Veterans of all ages, no matter if they serve three years, 13 years or 30 years deserve all the respect we can give them. America seems to be split on patriotism these days. Some support the soldier and are scolded for believing in America. Others scorn the military man and everything he stands for because they disagree with how he's being used. Funny, America stands for liberty, freedom and God-given rights. Isn't that what the soldier stands for too?
Monday, August 25, 2008
First of all, I like to play golf. I have my own set of clubs with my super-cool Alabama covers on the woods. I even have special tees and a neat little white glove; although sometimes I feel like Michael Jackson when I wear it. But the deal is, I like to play 9 holes. That's it. Anything over and I'm bored, irritated and ready for a beer at the clubhouse.
So why I signed up to play in an 18-hole tournament on Saturday is beyond me. Could be that my regular partners were playing. Could be that the tournament was for something at work I was in charge of. Could be that I just had a momentary lapse of sanity - of which I am known to have. Either way I did it and resigned myself to the fact that at least I was playing with friends.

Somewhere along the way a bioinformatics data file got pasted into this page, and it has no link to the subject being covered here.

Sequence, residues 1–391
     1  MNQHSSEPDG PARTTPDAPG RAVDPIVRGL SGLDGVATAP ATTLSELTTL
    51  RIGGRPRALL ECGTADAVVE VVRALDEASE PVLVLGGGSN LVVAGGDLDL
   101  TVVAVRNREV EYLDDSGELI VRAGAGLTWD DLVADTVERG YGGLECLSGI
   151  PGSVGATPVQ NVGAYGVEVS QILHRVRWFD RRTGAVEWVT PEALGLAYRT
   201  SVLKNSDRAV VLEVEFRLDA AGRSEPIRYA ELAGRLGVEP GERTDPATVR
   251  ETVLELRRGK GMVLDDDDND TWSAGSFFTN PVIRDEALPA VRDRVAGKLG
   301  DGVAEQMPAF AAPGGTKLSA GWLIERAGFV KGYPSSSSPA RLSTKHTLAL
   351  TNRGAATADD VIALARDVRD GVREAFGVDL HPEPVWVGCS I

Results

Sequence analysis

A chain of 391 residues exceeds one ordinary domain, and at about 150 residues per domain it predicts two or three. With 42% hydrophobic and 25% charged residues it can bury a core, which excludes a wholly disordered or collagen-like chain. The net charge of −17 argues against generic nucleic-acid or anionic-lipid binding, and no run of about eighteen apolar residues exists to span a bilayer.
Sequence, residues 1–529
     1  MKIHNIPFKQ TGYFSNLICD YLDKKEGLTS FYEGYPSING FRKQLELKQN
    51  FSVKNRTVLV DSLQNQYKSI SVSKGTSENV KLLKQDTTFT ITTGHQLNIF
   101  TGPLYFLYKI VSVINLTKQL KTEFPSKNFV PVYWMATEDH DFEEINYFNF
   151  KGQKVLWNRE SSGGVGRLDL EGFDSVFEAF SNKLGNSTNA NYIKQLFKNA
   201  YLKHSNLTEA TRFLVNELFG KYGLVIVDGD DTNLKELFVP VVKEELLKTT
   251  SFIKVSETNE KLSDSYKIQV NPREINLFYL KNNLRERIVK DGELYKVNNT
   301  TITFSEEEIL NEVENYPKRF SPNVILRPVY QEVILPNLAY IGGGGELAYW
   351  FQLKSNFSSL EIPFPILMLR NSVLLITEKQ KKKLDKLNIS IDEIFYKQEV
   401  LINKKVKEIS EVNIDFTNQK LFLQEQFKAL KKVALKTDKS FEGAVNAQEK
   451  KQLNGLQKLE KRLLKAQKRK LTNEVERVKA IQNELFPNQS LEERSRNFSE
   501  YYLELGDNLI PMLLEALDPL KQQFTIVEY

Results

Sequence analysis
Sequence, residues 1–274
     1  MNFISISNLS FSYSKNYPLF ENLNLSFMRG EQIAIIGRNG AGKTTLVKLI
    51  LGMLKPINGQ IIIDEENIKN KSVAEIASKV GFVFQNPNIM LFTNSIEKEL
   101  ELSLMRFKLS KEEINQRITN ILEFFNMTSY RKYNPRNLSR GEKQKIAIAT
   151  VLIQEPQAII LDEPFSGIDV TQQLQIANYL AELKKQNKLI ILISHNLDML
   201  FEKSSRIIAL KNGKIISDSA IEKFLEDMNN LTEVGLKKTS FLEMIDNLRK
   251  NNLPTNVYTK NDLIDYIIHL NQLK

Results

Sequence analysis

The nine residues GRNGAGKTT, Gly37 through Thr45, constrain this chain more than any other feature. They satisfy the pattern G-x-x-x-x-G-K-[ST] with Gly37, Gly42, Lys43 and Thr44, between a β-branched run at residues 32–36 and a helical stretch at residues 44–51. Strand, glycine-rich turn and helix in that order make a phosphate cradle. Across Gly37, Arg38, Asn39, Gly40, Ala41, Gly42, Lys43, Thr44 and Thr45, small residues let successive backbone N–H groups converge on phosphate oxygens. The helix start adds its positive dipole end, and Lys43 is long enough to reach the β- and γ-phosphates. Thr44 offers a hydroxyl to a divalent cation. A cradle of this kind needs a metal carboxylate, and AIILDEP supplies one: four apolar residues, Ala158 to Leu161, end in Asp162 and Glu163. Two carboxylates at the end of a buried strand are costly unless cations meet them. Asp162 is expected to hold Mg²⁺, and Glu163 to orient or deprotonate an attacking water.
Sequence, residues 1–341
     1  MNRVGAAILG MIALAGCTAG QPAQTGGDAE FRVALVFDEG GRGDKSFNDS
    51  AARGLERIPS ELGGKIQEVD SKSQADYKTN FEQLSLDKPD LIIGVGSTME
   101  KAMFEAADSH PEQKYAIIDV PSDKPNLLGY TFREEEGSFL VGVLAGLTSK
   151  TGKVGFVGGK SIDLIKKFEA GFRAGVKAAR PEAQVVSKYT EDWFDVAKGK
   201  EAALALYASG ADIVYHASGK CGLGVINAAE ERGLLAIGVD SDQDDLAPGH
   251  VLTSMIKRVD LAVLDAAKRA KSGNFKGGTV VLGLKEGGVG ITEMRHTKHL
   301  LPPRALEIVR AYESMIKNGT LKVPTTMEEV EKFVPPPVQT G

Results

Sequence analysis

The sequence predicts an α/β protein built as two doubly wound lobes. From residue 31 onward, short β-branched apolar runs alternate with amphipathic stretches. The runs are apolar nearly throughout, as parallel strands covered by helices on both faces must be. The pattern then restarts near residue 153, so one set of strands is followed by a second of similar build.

So Saturday came and so did Hurricane/Tropical Storm Fay -- flooding the entire southeast! But when you are in the Air Force, especially at Maxwell Air Force Base, unless it is lightening and thundering, you will do whatever the outdoor activity is. So in this case, the 60 folks who signed up for the golf tourney knew that because the skies were only drizzling at 7 am, we would be playing golf. By the 8 am start time, rain was between drizzling and pouring and going back and forth.
Resigned to my fate, I threw on my parka and jumped into the cart. For the next four hours, I hit the green a total of 3 times. I also managed to hit a tree, a sand trap, the water and not one single hole with my putter. By hole 15, the club was slipping out of my hand spraying water farther than the golf ball. And I was counting down how many strokes we had left.
Bryan hit one. Then Barzya. Then Kirchner. My meager contribution may well have been forgotten but ... one hole down. Can't see a thing through the water that is now streaming out of the gray sky at full force. Still no thunder. Clouds hovered and we hit another one.
It was time for the BBQ that awaited us at the clubhouse. It took everything I had not to be a whining little girl on the 17th hole. My sunflower seeds might have well sprouted with the amount of water in the bag. All the clubs were covered with half the fairway grass. The goodie bags that Kirchner and I put in the cart were soaked through and completely worthless. Where's the darn beer?!